Q. AIR and SeriousFun surveyed camp alumni, ages 17-30. What were the key findings?
Dymnicki: We explored and categorized the findings in four areas by asking alumni to reflect on their camp experience. First, we wanted to understand the outcomes alumni believed were influenced by attending a SeriousFun camp. A majority of alumni, ranging from 84% to 90%, reported that camp was influential in helping them develop a willingness to try new things, appreciation of diversity, self-identity, empathy and compassion, self-confidence, perseverance, and friendship skills.
Next, we explored whether there were differences in alumni beliefs that camp influenced outcomes based on alumni demographic characteristics, including the severity of alumni’s medical conditions, and the number of times alumni attended SeriousFun camps. We found that alumni from diverse backgrounds reported benefits from the camp. Alumni from racially and ethnically diverse backgrounds, alumni with differing levels of severity of illness, and even alumni who attended just one camp session reported benefits from SeriousFun camps. It’s important to point out that all alumni indicated that the camp influenced the program’s target outcomes.
Finally, we found that camp alumni reported specific elements of camp that were most important to their experience. Feeling accepted and not judged, feeling a sense of freedom, feeling a sense of possibility, and trying new things were the top four essential elements of the SeriousFun camp experience that alumni reported.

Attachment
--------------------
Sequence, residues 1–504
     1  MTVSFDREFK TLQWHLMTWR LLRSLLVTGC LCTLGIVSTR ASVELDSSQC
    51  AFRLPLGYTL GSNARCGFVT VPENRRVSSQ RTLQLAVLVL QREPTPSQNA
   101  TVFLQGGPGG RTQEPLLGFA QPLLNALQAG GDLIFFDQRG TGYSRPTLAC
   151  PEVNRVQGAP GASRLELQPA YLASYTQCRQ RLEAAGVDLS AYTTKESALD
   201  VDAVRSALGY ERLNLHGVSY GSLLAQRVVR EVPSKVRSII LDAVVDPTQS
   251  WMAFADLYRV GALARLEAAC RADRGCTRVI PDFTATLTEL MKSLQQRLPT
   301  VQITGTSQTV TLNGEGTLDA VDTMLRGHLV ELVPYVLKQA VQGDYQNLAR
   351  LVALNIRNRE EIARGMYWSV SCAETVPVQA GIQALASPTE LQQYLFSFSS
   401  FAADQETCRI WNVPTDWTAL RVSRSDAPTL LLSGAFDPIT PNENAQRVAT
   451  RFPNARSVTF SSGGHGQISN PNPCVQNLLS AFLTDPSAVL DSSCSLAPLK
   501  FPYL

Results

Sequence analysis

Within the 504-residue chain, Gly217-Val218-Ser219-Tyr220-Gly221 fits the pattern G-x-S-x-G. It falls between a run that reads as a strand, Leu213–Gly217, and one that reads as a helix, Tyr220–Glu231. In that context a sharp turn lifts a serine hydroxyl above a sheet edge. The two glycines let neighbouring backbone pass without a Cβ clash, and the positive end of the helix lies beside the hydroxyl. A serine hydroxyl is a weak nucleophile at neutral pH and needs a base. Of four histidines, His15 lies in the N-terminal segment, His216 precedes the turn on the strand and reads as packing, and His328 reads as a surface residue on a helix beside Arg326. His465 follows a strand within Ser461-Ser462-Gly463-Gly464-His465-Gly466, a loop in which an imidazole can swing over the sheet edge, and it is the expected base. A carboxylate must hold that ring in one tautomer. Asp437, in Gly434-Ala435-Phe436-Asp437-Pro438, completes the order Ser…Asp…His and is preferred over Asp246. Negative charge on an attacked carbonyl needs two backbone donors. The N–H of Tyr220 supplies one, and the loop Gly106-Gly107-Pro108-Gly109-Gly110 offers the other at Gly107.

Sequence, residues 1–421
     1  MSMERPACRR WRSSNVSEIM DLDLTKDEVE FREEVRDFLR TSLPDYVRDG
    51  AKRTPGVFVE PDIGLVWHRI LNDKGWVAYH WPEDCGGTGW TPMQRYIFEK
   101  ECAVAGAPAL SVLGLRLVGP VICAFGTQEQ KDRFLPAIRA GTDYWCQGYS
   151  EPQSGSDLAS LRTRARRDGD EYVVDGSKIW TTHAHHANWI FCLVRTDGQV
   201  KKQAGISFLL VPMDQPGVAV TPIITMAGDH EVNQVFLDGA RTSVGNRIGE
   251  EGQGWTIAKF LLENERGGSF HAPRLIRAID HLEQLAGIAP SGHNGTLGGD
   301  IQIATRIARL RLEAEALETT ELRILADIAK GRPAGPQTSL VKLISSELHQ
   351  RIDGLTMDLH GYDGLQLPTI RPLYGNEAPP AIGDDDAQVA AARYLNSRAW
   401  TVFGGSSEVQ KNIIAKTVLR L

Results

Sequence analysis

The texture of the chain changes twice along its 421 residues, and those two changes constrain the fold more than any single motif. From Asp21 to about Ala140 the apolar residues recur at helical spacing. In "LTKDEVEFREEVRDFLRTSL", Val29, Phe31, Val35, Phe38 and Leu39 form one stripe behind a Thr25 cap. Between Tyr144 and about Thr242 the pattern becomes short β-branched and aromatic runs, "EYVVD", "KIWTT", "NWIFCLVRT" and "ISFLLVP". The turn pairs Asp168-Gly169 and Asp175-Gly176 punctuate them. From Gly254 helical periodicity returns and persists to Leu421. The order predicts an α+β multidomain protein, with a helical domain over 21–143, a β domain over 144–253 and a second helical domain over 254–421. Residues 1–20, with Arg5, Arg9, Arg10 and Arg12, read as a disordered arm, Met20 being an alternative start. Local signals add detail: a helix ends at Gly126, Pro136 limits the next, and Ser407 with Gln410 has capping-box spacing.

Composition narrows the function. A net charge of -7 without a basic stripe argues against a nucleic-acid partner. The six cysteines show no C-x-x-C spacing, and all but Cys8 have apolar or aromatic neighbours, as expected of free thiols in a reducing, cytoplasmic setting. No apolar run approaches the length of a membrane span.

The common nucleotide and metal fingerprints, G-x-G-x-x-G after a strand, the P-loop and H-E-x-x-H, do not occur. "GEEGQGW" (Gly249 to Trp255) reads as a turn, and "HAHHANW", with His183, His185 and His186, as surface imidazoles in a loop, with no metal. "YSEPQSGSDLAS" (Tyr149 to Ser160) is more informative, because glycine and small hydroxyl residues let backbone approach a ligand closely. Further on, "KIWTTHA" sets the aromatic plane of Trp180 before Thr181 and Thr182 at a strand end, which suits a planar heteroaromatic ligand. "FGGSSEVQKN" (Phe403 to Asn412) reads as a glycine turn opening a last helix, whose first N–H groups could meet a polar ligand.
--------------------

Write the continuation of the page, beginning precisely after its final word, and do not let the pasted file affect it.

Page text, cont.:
- Willingness to try new things: 90%
- Appreciation of diversity: 88%
- Self-identity: 86%
- Empathy and compassion: 86%
Percentages of alumni who reported that these outcomes were influenced “a lot” or “somewhat” by attending a SeriousFun camp.
Q. What stands out in the findings?
Dymnicki: Looking at the pattern of findings, rather than the individual outcomes separately, it seems there is a lot that is critical from youth’s or alumni’s perspectives around trying new things, advocating for themselves, and having a chance to explore their adolescent development and who they are.
Gillard: Probably the most exciting finding was just how prevalent the “trying new things” outcome of the camp was. To me, it spoke to the intentionality of the programming that makes this possible for kids with serious illnesses. It was a huge validation. Eventually, we’re going to use the findings to create a theory of change because part of SeriousFun’s mission is to use research to create and improve experiences for children living with serious illnesses. We’re also sharing this research with kindred groups, including the research and evaluation team at the American Camp Association and positive youth development researchers and program staff.